Another level where data analytics can be used is in part ordering. Sikorsky provides its customers with an Amazon-type environment to order parts: “Someone who ordered that component also ordered this one.” Why should the customer trust the recommendation? “The old style was very transactional, the spare parts department was incentivized to sell parts and not customer fleet availability,” Tarascio said. “But this is changing thanks to pay-by-the-hour fleet management models.”
Meanwhile, Sentient Science is claiming to have found a more science-based approach to predictive maintenance. “When you look at a system relying on sensors, it looks at deviation from the norm,” Jason Rios, vice president of Aerospace at Sentient Science, told Vertical. “It can figure that something is beginning to go wrong. The failure mode — such as a pit — has started to occur. So, your ability to react is already reduced.”
Sentient looks at the ability of materials to withstand operating conditions. Its software predicts “when these pits, cracks and other defects may start to occur before failure.” It takes into account the materials themselves, as well as heat treatment, surface finish and lubricant. It can tell whether a critical bearing will begin developing spall.
“It is a more science-based answer to questions, rather than interpolation of previous data,” said Rios. It can find the root cause of an issue. It thus “offers our customers the possibility to reduce stresses and extend life.”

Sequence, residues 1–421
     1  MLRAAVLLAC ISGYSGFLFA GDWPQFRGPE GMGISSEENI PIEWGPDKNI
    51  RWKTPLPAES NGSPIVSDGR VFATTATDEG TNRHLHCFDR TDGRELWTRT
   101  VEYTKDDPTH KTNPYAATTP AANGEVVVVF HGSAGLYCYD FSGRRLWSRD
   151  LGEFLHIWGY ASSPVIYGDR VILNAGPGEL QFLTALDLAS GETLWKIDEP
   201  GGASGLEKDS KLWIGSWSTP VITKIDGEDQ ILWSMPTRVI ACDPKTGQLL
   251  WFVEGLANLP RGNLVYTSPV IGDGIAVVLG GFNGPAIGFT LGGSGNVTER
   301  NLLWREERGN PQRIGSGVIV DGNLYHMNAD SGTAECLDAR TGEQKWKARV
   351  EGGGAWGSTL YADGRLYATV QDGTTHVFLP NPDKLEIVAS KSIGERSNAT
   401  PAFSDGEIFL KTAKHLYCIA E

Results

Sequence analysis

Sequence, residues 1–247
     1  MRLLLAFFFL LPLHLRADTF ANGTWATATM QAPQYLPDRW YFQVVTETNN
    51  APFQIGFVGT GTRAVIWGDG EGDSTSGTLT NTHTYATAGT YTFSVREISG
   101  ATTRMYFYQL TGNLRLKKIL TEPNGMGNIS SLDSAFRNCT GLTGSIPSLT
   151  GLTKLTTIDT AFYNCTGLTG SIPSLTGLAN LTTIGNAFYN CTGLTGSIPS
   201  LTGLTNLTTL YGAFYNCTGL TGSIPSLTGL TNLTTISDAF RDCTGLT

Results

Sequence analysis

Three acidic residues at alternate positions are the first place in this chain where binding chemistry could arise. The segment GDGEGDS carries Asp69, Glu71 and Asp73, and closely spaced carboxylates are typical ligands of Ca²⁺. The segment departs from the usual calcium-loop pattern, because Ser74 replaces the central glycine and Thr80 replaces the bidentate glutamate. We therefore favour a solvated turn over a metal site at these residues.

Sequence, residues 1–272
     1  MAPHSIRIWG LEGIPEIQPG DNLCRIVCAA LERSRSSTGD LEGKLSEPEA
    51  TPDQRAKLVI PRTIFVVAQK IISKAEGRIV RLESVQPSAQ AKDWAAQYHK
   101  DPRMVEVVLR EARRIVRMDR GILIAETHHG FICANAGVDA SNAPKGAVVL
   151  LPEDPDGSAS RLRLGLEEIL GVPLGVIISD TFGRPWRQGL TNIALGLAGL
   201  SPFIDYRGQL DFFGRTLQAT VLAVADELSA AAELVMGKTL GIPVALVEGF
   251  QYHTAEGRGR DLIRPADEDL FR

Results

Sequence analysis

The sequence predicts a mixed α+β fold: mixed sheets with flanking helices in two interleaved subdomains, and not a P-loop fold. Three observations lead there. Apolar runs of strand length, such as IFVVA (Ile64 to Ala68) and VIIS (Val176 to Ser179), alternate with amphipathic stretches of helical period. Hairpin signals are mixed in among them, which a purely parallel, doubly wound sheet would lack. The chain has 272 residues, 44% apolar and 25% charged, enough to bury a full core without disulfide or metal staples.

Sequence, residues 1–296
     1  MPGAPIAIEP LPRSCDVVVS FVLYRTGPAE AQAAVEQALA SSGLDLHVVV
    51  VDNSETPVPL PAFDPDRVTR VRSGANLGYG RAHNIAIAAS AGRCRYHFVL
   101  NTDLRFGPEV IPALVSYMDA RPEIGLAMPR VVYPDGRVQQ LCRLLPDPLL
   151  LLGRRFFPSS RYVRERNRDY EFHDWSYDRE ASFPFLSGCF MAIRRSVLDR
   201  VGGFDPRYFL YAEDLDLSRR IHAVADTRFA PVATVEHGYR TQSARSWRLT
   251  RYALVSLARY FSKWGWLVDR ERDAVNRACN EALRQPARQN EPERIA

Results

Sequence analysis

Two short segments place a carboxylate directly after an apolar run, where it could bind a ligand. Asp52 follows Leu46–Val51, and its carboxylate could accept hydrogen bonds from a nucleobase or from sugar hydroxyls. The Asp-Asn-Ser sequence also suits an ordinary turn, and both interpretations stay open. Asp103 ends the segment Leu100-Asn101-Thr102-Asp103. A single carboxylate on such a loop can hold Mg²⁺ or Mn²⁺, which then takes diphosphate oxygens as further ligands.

Sentient’s software has been adopted by 10 percent of the world’s wind turbines in four years, said Rios. The first application in helicopters has been in the military, thanks to U.S. government-funded research and development. The 10- to 15-percent reduction seen in the operating costs of wind turbines is hoped to be surpassed in civil helicopters. “There are better records, a lot of data is available,” said Rios.
He deems Sentient’s work complementary to existing systems. “Our software programs would be continuously fed with HUMS data to keep refining our models,” he said.
Predictive maintenance is already proving itself in the field, reducing downtime and likely preventing more serious mechanical issues. But with an increasing amount of data at their fingertips, and evermore intelligent systems and software to analyze that data, a growing number of manufacturers, maintainers, and third party providers are making those predictions smarter, more accurate, and more accessible than ever before.